Place-based Geoscience Teaching in Support of Sustainability

Convener(s): Steve Semken, Arizona State University - Tempe


Wednesday, July 20 | 1:30-4:00pm | Gordon: Symphony Meeting Room

Places are made by people. Place-based teaching draws on the importance of places to people, as context for locally situated geoscientific inquiry and to promote local environmental and cultural sustainability. This collaborative workshop is intended to facilitate the effective use of the place-based modality and the sense of place by formal and informal geoscience educators at all levels.

Teaching and Developing Quantitative Literacy in the Geosciences

Convener(s): Jackie Caplan-Auerbach, Western Washington University


Wednesday, July 20 | 1:30-4:00pm | Ogg: Classroom 1227

Geology is perceived by many students as a qualitative science, and thus is attractive to students who love science but are afraid of math. As a result, many students of geology are either intimidated by, or underprepared in math when they enter the discipline. This workshop will focus on methods that may be used to clarify quantitative concepts without reducing mathematical rigor. Participants will develop ways of guiding students through advanced quantitative ideas using both visual and written methods.

What are the Components of a Successful NSF Proposal?

Convener(s): Basil Tikoff, U. of Wisconsin & Julie Newman, Texas A&M University


Wednesday, July 20 | 1:30-4:00pm | Ogg: Phillips Lounge

This session is for those who anticipate submission of NSF proposals for disciplinary research and/or geoscience educational proposals. This workshop is from the perspective of someone who submits proposals to multiple programs. We will discuss: 1) How to follow read and understand an NSF program solicitation; 2) What are all the parts of a successful proposal; 3) When (and how) to contact an NSF program director; 4) Understanding the review process; 5) How to effectively present your proposal to both the reviewers and the panel; 6) The importance of the broader impacts, and the many approaches to satisfying this component of the proposal; and 7) The advantages and disadvantages of single PI vs. multiple PI proposals.

Does it Take Two to Tango? Interdisciplinary Teaching Solo and in Teams

Convener(s): Catherine A. Riihimaki, Princeton University and Lisa Gilbert, Williams College


Wednesday, July 20 | 1:30-4:00pm | Gordon: Ed Gordon Suite

A discussion about the opportunities and challenges of interdisciplinary teaching, including some successful case studies and their take-home lessons. Educators of all levels of experience and all disciplinary backgrounds are welcome!


Overcoming the Obstacles to Teaching Reform

Convener(s): Sara Harris, University of British Columbia


Friday, July 22 | 1:30-4:00pm | Gordon: Symphony Meeting Room

Transitions to evidence-based, student-centered teaching can involve practical, human, and system-level challenges. How do we transform our own teaching practices, and also develop critical mass to change cultural norms? This workshop will explore effecting change at personal, departmental, and institutional levels, drawing on participants' experience and community resources. All are welcome, whether your obstacles are past, present, or future.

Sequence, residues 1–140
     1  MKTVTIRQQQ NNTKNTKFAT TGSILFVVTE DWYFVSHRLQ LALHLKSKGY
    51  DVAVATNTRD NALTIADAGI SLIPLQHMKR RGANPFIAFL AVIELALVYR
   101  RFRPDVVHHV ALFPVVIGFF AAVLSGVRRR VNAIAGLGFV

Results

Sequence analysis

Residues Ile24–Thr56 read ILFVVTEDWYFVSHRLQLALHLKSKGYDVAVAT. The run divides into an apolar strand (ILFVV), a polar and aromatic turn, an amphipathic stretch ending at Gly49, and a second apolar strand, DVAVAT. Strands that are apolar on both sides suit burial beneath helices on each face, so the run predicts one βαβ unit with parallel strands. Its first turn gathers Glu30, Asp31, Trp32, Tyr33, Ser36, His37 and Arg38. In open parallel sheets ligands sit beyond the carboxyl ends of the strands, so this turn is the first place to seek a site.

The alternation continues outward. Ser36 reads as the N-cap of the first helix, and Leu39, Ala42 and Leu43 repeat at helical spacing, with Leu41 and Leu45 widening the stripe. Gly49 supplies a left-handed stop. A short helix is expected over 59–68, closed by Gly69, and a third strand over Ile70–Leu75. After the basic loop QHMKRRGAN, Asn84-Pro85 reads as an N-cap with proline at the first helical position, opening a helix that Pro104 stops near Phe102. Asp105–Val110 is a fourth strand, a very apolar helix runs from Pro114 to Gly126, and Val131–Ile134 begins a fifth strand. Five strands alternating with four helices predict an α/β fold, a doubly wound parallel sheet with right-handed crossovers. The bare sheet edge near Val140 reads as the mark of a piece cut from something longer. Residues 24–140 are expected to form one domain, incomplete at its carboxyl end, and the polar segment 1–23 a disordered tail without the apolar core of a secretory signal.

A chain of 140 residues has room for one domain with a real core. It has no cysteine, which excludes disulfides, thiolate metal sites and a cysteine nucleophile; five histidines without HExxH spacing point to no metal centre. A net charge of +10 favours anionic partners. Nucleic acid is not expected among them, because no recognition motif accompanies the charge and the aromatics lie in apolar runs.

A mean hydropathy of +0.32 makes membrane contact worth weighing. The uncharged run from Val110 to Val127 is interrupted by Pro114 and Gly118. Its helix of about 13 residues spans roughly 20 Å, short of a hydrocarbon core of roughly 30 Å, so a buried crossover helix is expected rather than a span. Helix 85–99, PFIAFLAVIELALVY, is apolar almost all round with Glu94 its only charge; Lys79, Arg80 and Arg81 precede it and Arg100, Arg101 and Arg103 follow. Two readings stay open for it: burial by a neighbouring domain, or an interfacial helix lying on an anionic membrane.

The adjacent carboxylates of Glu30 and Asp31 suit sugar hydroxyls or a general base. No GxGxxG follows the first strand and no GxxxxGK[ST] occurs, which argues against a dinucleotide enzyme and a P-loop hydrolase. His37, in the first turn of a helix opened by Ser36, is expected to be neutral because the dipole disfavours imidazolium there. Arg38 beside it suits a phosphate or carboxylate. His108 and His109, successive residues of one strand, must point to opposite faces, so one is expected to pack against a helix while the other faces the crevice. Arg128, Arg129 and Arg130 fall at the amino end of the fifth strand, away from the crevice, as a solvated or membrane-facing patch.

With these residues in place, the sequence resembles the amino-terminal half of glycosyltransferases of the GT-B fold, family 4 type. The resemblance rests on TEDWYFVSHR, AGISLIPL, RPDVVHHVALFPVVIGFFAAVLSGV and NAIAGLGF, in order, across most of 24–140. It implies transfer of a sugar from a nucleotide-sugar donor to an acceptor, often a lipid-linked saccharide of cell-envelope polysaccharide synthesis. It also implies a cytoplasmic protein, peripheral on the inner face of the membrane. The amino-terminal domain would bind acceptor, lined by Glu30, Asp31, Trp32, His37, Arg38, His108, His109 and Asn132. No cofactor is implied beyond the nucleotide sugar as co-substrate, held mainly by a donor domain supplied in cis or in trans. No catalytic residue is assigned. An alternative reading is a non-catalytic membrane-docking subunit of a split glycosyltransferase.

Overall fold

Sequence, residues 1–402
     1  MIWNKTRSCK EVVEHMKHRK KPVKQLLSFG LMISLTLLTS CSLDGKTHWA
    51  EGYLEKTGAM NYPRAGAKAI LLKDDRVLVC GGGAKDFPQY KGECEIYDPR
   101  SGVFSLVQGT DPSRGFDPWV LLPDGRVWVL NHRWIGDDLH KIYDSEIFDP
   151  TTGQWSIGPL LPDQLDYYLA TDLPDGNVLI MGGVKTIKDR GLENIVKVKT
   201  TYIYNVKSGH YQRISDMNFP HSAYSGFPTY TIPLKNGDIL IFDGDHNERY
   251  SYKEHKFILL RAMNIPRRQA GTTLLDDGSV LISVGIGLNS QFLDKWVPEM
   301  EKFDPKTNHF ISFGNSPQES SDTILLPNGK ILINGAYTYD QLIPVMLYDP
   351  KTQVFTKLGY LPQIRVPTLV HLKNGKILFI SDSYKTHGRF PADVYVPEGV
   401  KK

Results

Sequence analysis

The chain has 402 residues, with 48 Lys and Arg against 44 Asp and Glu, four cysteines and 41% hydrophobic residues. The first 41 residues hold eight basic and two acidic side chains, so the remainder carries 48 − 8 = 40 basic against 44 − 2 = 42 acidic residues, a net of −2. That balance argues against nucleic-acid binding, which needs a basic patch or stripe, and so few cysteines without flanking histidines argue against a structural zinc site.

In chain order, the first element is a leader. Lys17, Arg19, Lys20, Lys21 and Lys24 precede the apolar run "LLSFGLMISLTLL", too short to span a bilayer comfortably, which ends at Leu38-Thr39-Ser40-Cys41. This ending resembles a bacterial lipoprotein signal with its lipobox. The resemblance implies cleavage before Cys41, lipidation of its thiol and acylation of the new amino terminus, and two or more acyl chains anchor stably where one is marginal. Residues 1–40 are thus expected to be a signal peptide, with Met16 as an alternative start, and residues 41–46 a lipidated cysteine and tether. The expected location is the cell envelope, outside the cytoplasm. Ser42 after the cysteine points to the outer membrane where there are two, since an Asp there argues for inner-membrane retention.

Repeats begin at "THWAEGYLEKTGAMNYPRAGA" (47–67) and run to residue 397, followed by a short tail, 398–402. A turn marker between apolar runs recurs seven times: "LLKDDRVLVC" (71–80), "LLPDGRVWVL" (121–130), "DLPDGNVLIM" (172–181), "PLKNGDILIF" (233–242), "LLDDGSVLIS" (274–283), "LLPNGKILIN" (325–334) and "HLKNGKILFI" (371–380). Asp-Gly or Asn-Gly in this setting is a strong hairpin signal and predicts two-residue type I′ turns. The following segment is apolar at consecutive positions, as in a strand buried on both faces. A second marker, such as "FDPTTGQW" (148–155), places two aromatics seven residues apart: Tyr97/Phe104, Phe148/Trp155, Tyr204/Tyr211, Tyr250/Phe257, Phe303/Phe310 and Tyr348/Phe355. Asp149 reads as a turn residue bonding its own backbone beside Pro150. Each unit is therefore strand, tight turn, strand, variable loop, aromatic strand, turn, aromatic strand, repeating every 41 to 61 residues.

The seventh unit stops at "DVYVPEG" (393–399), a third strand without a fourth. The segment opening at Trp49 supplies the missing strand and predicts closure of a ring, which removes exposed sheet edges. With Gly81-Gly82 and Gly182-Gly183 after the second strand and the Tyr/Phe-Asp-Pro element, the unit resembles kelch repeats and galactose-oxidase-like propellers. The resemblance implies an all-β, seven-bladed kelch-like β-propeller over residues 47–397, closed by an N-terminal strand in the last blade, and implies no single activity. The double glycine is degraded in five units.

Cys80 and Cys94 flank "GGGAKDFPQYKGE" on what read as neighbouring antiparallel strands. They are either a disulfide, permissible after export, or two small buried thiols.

Making Undergraduate Research a Key Part of Your Class or Curriculum

Convener(s): Lydia K. Fox, University of the Pacific, and Meagen Pollock, College of Wooster


Friday, July 22 | 1:30-4:00pm | Ogg: Classroom 1227

This workshop is designed for new and future geosciences faculty, including graduate students and post-docs preparing to enter academic positions, who are interested in developing an undergraduate research program, as well as faculty interested in expanding their research programs to include undergraduates. The workshop will cover: incorporating research into courses (from introductory to advanced), project selection and mentoring of undergraduates in independent research, and ideas for funding opportunities.

What are Students Learning in Your Course? Strategies for Assessment

Convener(s): Karl Wirth, Macalester College, Karen Viskupic, Boise State University


Friday, July 22 | 1:30-4:00pm | Ogg: Phillips Lounge

What do we mean when we ask if students have "learned" something? Are some kinds of assessments better suited for specific kinds of learning? What are the purposes of assessing learning? This workshop will focus on what we want students to learn and how we know when they have learned it. Beginning with the end in mind, participants will first explore goals for student learning. Next the group will consider a variety of ways for assessing student learning, including: gauging prior knowledge; providing feedback to improve learning; and evaluating learning at the end of a unit. Participants will leave the workshop with drafts of several instruments for implementation in their next course.

Exploring the Use of Computational Models in Teaching Climate Change in K-12

Convener(s): Tamara Ledley, TERC & Mark Chandler, Columbia University, NASA/GISS


Friday, July 22 | 1:30-4:00pm | Gordon: Ed Gordon Suite

The Next Generation Science Standards (NGSS) require the teaching of science in a way that integrates the content with science and engineering practices (SEPs) and crosscutting concepts (CCs). Earth system and climate science are ideal areas for implementing an integrated approach to teaching because both involve complex systems and both require interdisciplinary content knowledge. However, this also requires teachers to develop an understanding of not only the SEPs and CCs, but also an understanding of a much broader range of content, if they are to effectively integrate these subjects into their teaching. In this workshop we will focus our attention on the SEP Developing and Using Models and in particular on the use of computational models.